Iris: I remember when Dad died we stayed up all night. About one in the morning Mum made scones. Crazy the things you do.
Ted: Like singing round a coffin?
Iris: Hang around Ted – that’s just the start.
Renée was born grumpy (Ngāti Kahungunu/Scot) and nothing has changed. She is an avid and faithful reader, who enjoys cooking and gardening. Everyone, she says, should grow leafy greens.
Renée always thought she would die at forty-two but for some reason this didn’t happen. Instead, at fifty she started to write plays and novels and at eighty-eight considers herself very lucky to still have most of her marbles.
She has written eight novels and over twenty plays, with Wednesday To Come perhaps her most loved work.
About the author
Renée lives in Ōtaki and teaches her Your Life, Your Story and her Poem a Week workshops there.
This is her life, her story, told in patches, like a quilt. One for every year of the life she’s lived so far.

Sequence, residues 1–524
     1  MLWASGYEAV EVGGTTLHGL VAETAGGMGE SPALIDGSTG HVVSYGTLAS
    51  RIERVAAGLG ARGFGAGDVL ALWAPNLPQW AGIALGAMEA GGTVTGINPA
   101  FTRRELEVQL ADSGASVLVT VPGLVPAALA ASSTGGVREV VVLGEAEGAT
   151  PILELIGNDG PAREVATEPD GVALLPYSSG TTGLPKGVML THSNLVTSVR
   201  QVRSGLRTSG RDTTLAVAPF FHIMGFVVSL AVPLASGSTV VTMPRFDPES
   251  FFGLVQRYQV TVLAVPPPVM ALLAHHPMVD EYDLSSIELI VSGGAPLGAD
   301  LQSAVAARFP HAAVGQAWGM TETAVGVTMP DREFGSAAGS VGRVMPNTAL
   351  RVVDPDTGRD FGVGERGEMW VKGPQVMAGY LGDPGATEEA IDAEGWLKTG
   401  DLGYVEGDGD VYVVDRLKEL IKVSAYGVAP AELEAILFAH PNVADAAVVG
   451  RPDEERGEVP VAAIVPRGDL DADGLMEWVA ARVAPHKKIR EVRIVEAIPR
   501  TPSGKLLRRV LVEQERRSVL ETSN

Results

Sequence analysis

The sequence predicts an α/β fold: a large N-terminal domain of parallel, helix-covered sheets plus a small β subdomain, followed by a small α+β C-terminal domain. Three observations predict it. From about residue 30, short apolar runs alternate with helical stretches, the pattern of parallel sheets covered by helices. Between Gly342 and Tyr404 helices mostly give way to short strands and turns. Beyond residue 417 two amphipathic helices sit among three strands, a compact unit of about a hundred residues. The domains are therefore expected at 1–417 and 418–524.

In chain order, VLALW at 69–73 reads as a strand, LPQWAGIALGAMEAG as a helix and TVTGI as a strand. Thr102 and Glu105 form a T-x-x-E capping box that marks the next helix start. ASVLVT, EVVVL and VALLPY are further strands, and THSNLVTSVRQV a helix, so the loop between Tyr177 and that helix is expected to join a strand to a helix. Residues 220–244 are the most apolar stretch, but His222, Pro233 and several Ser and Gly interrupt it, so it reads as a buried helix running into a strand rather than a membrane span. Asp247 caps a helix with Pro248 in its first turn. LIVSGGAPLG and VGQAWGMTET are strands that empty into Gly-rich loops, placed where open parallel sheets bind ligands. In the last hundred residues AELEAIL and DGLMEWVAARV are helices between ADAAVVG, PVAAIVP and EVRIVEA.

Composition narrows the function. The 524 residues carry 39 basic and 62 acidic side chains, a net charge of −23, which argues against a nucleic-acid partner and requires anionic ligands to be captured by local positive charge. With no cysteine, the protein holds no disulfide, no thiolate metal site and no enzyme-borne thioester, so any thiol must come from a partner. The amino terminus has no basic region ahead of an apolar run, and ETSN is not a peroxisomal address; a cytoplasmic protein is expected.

I was born in Napier on Friday, 19 July 1929, and the world went into a deep depression. Then Napier fell down. Two years after that my father shot himself. He was from Gore. Drama didn’t just follow me, it came out and met me with a big tah-dah.
There were four of us and we had four chairs. Each chair was wooden but each was different. Unless we were trying to pick a fight, no kid ever sat on another kid’s chair. And no kid ever dared to sit on Rose’s chair. Our mother’s name was Rose. One way to make her angry was to call her Rosie. She said it made her sound like a barmaid. Once, Cliff banged his empty glass on the table and said, ‘Who shot the barman, Rosie?’ and had to wait a long time before his glass was filled. He never did it again. Rose’s ability to hold a grudge was like an ember dropped in a green forest. It smouldered steadily until one day – whoosh – the whole forest went up in flames and everyone in the vicinity ran like hell.